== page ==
The VAR then checked to confirm that there was a handling offense as both the referee and the AR have stated that they had a handball, if the player was not determined to be in an offside position.

45 seconds after the offside infraction the VAR recommended a review for an incorrect offside in the APP.

At the RRA the VAR showed the referee the handling using the Tight camera first, however, the referee stated he was sure about the handling and needed to see the offside.

Once Tinnerhorn is confirmed to be onside, the referee confirmed he had a penalty.

PRO’s Decision: The arm was above the head in an unnatural position when it was hit by the ball and was a clear handling offense. The AR used the delayed offside flag process correctly, which opened a window for the VAR to check whether the offside decision, and by consequence, the non-awarding of a penalty kick to New York City, was a clear and obvious error.

This was an excellent use of the Video Review system to rectify a clear and obvious error in a key match situation.

COL vs RSL: Review for penalty kick – not given

Starting Point – On-field Decision: Play on.

What Happened: Sebastian Saucedo (RSL) burst into the Colorado Rapids penalty area in possession of the ball, being pursued by Sebastian Anderson (COL). As he did so, the right leg of Anderson moved into the back of the left leg of Saucedo, bringing Saucedo down.

The referee initially allowed play to continue and awarded a corner kick to Real Salt Lake.

The Video Review Process:

Using the Tight camera, the VAR saw there was no contact on the ball from Anderson before he made contact on Saucedo.

After one minute he also identified the foot of Anderson had caused Saucedo to fall and recommended a review.

PRO’s Decision: A penalty is the correct outcome in this case and certainly if the referee had awarded a penalty kick from the outset the VAR would have quickly completed a check.

COL vs RSL: Review for red card for Serious Foul Play

Starting Point – On-field Decision: Red Card – Serious Foul Play.

What Happened: After a heavy touch by Jonathan Lewis (COL) near to the center of the field of play, he was challenged by Justen Glad (RSL). Glad won the ball but was reckless in the way he did so, going to ground with a raised right foot which thereby exposed his studs. Glad entered the challenge with some speed. However, the challenge was made with one foot, his other being tucked behind him, and the follow-through contact was low on the end of the boot of Lewis, by which time Glad had begun to lower his foot which minimized the impact of the contact.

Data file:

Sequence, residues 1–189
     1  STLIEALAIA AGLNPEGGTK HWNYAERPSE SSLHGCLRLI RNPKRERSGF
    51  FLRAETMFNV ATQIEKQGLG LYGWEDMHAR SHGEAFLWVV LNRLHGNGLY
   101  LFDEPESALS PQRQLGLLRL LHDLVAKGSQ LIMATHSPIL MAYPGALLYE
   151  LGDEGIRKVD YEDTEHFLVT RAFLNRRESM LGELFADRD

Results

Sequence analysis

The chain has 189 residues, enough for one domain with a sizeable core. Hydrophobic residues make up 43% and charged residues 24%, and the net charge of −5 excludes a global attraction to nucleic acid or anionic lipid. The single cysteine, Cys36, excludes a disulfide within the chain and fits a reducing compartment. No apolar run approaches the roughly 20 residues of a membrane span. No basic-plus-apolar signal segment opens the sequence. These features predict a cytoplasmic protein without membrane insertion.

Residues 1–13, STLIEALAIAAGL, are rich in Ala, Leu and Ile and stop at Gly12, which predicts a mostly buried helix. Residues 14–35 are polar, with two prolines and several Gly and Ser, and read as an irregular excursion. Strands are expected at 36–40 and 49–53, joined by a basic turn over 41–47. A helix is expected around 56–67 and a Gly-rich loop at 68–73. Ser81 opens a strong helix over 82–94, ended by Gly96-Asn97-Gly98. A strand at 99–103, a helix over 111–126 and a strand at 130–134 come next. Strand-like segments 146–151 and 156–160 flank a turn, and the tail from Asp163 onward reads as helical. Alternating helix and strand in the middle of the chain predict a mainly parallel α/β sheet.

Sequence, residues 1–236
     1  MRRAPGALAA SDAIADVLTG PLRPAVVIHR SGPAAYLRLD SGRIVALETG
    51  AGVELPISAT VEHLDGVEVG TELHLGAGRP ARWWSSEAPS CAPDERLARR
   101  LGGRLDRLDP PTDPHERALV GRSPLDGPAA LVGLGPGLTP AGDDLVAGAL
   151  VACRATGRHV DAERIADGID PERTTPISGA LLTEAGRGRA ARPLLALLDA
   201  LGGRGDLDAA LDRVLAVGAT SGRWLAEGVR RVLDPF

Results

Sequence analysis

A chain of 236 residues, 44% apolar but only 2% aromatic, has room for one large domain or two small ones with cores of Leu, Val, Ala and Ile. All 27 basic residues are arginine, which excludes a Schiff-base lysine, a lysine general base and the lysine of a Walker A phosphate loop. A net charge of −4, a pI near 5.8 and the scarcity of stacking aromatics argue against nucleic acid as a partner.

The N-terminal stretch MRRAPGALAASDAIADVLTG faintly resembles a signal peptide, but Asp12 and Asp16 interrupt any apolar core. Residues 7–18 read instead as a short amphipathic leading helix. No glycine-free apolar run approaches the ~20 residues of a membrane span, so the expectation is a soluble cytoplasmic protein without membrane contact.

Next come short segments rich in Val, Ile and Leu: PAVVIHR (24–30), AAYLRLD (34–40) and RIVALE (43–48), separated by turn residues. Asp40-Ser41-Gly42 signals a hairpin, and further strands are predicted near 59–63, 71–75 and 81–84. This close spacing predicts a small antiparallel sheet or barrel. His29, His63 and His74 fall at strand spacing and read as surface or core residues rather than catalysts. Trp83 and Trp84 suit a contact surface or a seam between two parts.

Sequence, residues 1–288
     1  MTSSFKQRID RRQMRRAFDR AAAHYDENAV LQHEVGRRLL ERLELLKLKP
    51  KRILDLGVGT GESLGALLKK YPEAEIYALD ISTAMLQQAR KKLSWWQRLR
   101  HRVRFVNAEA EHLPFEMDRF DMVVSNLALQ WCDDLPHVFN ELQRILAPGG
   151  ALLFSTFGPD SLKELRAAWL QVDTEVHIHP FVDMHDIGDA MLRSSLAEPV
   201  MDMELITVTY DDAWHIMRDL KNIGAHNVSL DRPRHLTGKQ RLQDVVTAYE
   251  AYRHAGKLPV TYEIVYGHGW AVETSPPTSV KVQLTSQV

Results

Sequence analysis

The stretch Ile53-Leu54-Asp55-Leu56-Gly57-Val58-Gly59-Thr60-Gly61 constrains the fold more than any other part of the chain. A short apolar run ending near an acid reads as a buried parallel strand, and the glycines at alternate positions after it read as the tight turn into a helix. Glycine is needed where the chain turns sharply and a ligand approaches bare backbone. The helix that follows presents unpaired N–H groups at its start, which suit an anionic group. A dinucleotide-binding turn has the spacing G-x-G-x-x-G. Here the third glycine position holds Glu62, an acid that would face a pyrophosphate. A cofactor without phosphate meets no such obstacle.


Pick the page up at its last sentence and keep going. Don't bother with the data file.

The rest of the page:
The Video Review Process:

The VAR saw the contact with the ball first and then the contact on the foot using the Low Mid camera.

30 seconds in the VAR stated he was going to recommend a review because he felt it was worthy of only a yellow card.

The referee saw the play in close-up in slow motion to verify the details of the tackle, i.e. the contact on ball and low contact on foot. He then asked for a wider view where he could assess the speed and force of the action in regular speed.

PRO’s Decision: This was a reckless foul challenge and as such a yellow card is an appropriate outcome. However, due to there being some elements of serious foul play it is difficult to conclude that the initial red card decision made by the referee was a clear and obvious error, when working to a high threshold of intervention.

COL vs RSL: Review for penalty kick for handling – not given

Starting Point – On-field Decision: Play on.

What Happened: Colorado Rapids were attacking the Real Salt Lake goal, sending a wide free-kick into the penalty area. The ball was hooked away by a Real Salt Lake defender before hitting the right arm of teammate Nick Besler (RSL).

The referee allowed play to continue.

The Video Review Process:

The review process began slowly because there were two potential handball offenses in close proximity, one by Nicolas Mezquida (COL) just after the possible handball by Besler.

Using the Tight camera the VAR checked to make sure the ball hit the arm and not the chest.

The VAR determined that Besler’s right arm was sufficiently away from his body to be considered worthy of a penalty kick award.

PRO’s Decision: The referee looked at the footage in the RRA but decided that no handball offense had occurred and therefore retained his original no-penalty decision.

Although the ball does hit the arm of Besler, it is very subjective as to whether the position of the arm is unnatural and worthy of being penalized. There is also the issue of the ball coming at Besler from a short distance unexpectedly having been played by his teammate. In this case, the Video Review was not necessary as the on-field decision was not a clear error.